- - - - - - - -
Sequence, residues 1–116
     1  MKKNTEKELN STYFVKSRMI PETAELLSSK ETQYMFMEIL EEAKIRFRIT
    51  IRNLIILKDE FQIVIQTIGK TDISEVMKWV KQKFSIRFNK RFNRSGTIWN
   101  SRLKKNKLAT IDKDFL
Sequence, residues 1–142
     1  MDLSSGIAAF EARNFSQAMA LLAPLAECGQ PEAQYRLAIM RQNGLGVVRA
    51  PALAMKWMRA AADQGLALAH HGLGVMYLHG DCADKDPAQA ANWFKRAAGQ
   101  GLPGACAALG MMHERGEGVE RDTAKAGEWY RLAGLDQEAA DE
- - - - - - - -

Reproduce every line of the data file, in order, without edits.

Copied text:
Sequence, residues 1–116
     1  MKKNTEKELN STYFVKSRMI PETAELLSSK ETQYMFMEIL EEAKIRFRIT
    51  IRNLIILKDE FQIVIQTIGK TDISEVMKWV KQKFSIRFNK RFNRSGTIWN
   101  SRLKKNKLAT IDKDFL
Sequence, residues 1–142
     1  MDLSSGIAAF EARNFSQAMA LLAPLAECGQ PEAQYRLAIM RQNGLGVVRA
    51  PALAMKWMRA AADQGLALAH HGLGVMYLHG DCADKDPAQA ANWFKRAAGQ
   101  GLPGACAALG MMHERGEGVE RDTAKAGEWY RLAGLDQEAA DE